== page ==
ComputingComputing: Guides

FreeSync vs G-Sync

freesync vs g-sync

The FreeSync VS G-Sync debate has been raging on for a while now: even the best gaming monitors are split between their support, and the fundamental divide between AMD FreeSync VS Nvidia G-Sync drives both manufacturers to add more and better features to their products to emerge with the best graphics cards.

Still, the relative merits of G-Sync VS FreeSync can be decided through knowing what you want and what’s best suited for you, in terms of budget, needs, compatibility, and support, as well as the presence or absence of issues such as ghosting.

First, however, before we can get into a FreeSync VS G-Sync discussion, we need to establish why a comparison exists. Let’s establish a foundation; what is FreeSync and what is G-Sync?

Why FreeSync And G-Sync Matter

Both FreeSync and G-Sync are different forms, or trademarks, of a specific technology. That technology is AdaptiveSync, one that works to match the performance of your monitor, so to speak, with your graphics card.

AdaptiveSync synchronizes the screen’s refresh rate to the rate at which video frames are rendered from the graphics card. Each frame is rendered individually, meaning that the processing power of the graphics card comes into play heavily in terms of what that rate is – this leads to problems such as a new frame being drawn up before the previous one, the current one, completes rendering.

The solution to these problems – tearing artifacts, as they’re called – is AdaptiveSync. This technology is utilized as G-Sync by Nvidia’s GPUs, and as FreeSync with AMD cards, meaning that every frame is drawn completely (by the monitor) before the card sends the next one.

G-Sync: Pros And Cons

G-Sync, first released in 2013, has a first-mover advantage. It thus gained popularity using the AdaptiveSync technology and not only making the importance of such a thing known in the public’s eye but also providing a smooth implementation of the concept.

Monitor refresh rates before G-Sync were traditionally known to always be “ahead” of the GPU in terms of being able to send output. At best, this ensues in a catch-up game between the display and the graphics card.

As mentioned before, tearing and its associated complexities are thus eliminated. G-Sync achieves this through manipulation of the VBI. The VBI is the “vertical blanking interval”, the gap between the mismatch of the frames as described in the previous paragraphs. Enabling G-Sync essentially makes the GPU hold off on sending another frame before its time.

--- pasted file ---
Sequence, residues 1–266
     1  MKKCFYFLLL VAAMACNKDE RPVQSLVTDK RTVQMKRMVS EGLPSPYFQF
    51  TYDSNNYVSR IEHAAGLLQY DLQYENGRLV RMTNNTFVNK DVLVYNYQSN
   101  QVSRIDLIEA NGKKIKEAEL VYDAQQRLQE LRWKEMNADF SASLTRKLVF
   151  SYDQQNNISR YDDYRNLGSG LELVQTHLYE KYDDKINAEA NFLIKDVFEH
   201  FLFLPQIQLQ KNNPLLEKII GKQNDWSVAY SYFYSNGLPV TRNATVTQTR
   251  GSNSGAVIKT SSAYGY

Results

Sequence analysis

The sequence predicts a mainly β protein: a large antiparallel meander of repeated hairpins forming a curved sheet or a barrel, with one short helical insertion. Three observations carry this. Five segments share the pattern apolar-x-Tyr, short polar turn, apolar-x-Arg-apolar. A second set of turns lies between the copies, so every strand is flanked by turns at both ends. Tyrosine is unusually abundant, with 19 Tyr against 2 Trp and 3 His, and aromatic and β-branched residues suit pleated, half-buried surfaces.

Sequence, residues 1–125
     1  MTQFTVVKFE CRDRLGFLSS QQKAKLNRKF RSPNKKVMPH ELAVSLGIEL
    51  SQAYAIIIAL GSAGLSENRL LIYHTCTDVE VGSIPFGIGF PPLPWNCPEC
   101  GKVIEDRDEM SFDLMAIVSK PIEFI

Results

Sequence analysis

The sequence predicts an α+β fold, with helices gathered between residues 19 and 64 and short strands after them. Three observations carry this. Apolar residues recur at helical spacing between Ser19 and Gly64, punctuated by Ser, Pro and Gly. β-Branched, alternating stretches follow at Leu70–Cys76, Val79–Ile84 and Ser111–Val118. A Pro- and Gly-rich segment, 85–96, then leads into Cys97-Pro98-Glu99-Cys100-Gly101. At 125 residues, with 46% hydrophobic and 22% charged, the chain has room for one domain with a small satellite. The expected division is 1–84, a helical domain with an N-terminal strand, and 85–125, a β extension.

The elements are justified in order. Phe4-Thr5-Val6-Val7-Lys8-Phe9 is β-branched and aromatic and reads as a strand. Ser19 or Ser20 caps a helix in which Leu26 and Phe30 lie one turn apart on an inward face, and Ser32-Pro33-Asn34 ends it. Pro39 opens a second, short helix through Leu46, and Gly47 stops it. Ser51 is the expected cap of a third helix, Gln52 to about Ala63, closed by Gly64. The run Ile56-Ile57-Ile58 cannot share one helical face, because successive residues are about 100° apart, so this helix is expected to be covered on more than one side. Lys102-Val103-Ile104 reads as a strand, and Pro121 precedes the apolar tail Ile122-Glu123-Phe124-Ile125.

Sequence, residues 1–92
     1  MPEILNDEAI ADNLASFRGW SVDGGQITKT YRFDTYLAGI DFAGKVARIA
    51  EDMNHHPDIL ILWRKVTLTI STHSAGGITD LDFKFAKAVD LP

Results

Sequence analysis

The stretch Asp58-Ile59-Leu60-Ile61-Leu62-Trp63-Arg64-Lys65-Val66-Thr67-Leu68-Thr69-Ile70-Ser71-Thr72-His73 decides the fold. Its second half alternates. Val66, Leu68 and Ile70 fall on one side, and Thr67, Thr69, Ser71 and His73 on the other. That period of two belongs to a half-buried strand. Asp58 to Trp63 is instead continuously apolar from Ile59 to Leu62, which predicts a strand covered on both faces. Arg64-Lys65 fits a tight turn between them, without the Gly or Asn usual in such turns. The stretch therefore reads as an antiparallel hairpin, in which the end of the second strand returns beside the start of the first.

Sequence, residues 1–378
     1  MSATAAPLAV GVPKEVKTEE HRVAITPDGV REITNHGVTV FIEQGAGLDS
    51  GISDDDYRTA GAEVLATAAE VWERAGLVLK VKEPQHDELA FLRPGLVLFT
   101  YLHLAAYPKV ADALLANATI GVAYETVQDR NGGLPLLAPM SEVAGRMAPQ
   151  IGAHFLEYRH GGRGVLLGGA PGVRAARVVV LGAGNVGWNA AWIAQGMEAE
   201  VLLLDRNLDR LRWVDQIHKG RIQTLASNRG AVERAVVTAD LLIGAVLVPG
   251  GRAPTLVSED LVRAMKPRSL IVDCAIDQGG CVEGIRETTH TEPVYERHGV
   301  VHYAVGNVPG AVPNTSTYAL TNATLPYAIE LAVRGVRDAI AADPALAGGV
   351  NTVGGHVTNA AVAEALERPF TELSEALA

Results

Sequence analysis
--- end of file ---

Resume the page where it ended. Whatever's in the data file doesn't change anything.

The current most relevant version of this technology, the G-Sync Ultimate, offers support for both HDR (high dynamic range) quality and 4K displays at 144Hz.

However, G-Sync has caught flack for its propriety nature as well as its steep prices – propriety meaning the monitor and graphic cards both need to be equipped with G-Sync, making the whole thing a pricey premium package, upwards of 200 dollars.

FreeSync: Pros And Cons

FreeSync appeared on the scene nearly two years after G-Sync. The name tells us a lot about why it endured even after being a late-entry competitor; it’s an open standard, “free” for all technology from the perspective of developers and manufacturers, meaning nobody has to pay royalties to AMD to use it in their equipment.

This means that thanks to their usage of the standard built into the standard DisplayPort 1.2a, any screen using this input – which means pretty much all of them except VGA, DVI, and other similar legacy connections – are compatible with this.

All of this ultimately means that FreeSync is much, much cheaper than G-Sync and much more compatible (even working with certain Nvidia equipment in the hands of the right people).

Additionally, in more recent years, certain issues with FreeSync – too little power shows empty pixels and too much power running through results in ghosting – were fixed with the updated Freesync 2 HDR, bringing it pretty much on par with G-Sync.

Conclusion: AMD FreeSync VS Nvidia G-Sync

Ultimately, there’s no question in the hardware department with G-Sync being superior… but is it enough to warrant the monumental (to many) difference in price? You decide: FreeSync-equipped devices are much cheaper, for the reasons given above than those equipped with G-Sync. Even in a device with the ghosting issue just described, power management can be tweaked so as to eliminate the imprecision that leads to them.

Leave a Reply

Your email address will not be published. Required fields are marked *